Rayle Tech, Inc. v. DEKALB Swine Breeders, Inc., Civ. A. No. CV194-072.

CourtUnited States District Courts. 11th Circuit. United States District Court (Southern District of Georgia)
Writing for the CourtBOWEN
Citation897 F. Supp. 1472
PartiesRAYLE TECH, INC., d/b/a Callaway Farms, Inc., Plaintiff, v. DEKALB SWINE BREEDERS, INC., Defendant.
Docket NumberCiv. A. No. CV194-072.
Decision Date06 July 1995

897 F. Supp. 1472

RAYLE TECH, INC., d/b/a Callaway Farms, Inc., Plaintiff,

Civ. A. No. CV194-072.

United States District Court, S.D. Georgia, Augusta Division.

July 6, 1995.

897 F. Supp. 1473

David E. Hudson, Hull, Towill, Norman & Barrett, Augusta, GA, for Rayle Tech, Inc.

Thomas William Tucker, Dye, Tucker, Everitt, Wheale & Long, Augusta, GA, Charles T. Patterson, Eidsmoe, Heidman, Redmond, Fredregill, Patterson & Schat, Sioux City, IA, for DeKalb Swine Breeders, Inc.


BOWEN, District Judge.

Before the Court in the above-captioned case is Defendant DEKALB Swine Breeders, Inc.'s Motion for Summary Judgment (Mar. 17, 1995). For the reasons discussed below, DEKALB's Motion is GRANTED.

I. Factual Background1

At all times relevant to this dispute, Plaintiff, Rayle Tech, Inc., d/b/a Callaway Farms, Inc. ("Callaway"), maintained a rather large swine breeding herd in Wilkes County, Georgia. Callaway's herd contained approximately 5000 sows. Defendant DEKALB Swine Breeders, Inc. ("DEKALB") is in the business of raising and selling swine breeding stock.

Callaway, which regularly introduces new breeding stock into its herd, began purchasing boars and sows from DEKALB in 1989. From 1989 through 1994, the parties executed numerous written contracts documenting Callaway's purchase of breeding stock from DEKALB. Each contract states that "this contract shall be governed by the laws of the State of Illinois." (Stip., Exhibit A, ¶ 7.)

The contracts in question, attached to the parties' Stipulation of Facts as Exhibits A, B, C, D, E and F, contain limited fertility warranties but disclaim liability in connection with disease. The contracts state in blocked, bold letters: "DEKALB cannot and does not guarantee the absence of any pathogens or disease in the breeding stock sold by DEKALB. Pathogens or diseases may be present at the time of sale or may appear later." (Stip., Exhibit A, ¶ 10.) The contracts further provide that replacement of the swine is the buyer's sole and exclusive remedy.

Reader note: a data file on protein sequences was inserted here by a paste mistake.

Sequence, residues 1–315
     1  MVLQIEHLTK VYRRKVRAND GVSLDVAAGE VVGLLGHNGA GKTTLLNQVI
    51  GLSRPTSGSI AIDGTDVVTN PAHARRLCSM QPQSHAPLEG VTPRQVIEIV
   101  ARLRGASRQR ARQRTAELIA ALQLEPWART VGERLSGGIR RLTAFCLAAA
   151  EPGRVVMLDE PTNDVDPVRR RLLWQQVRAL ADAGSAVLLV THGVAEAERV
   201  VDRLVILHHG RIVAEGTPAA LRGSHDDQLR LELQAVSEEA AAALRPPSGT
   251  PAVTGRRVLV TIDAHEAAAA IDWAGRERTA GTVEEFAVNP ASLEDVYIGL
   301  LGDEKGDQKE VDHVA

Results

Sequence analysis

897 F. Supp. 1474

Each contract contains the following merger provision: "this Contract supersedes all prior written or oral agreements related to the swine sold hereunder, and this contract cannot be amended except in a writing which refers to this Contract and which is signed by both parties." The contracts also provide a blank for the purchaser to state any promises or representations made by the seller not otherwise specified in the contract; in five of the six contracts, Eugene Callaway, Jr., an officer of Callaway, wrote "none" in the blank.

Porcine Reproductive and Respiratory Syndrome (PRRS) is a serious viral pig disease. In sows, PRRS may cause abortions, stillborns, and birth of underweight and defective pigs. PRRS is highly contagious. It can be contracted from infected animals introduced into the herd and from semen of boars used for breeding. At the time they executed the contracts of sale at issue here, the parties had not discussed PRRS.

In the last half of 1992 and the first part of 1993, DEKALB knew that its herds had either been infected with or exposed to PRRS.2

Callaway's herds tested negative for PRRS in March 1993. To protect its herds, Callaway decided not to purchase breeding animals which had been exposed to PRRS. In late 1992 and early 1993, Callaway considered changing from DEKALB to a different supplier of genetic breeding stock but declined to do so when it learned that the other supplier, Pig Improvement Company, had tested positive for PRRS in its farms. In the latter part of 1992, Callaway explained to DEKALB's sales personnel that Callaway wanted to avoid PRRS and that it was reluctant to change suppliers because DEKALB's herds were PRRS free and Pig Improvement's were not. A DEKALB salesman (Clinton Day) replied: "Well, that is a pretty good reason to stay with us." (Stip., ¶ 2(h).)3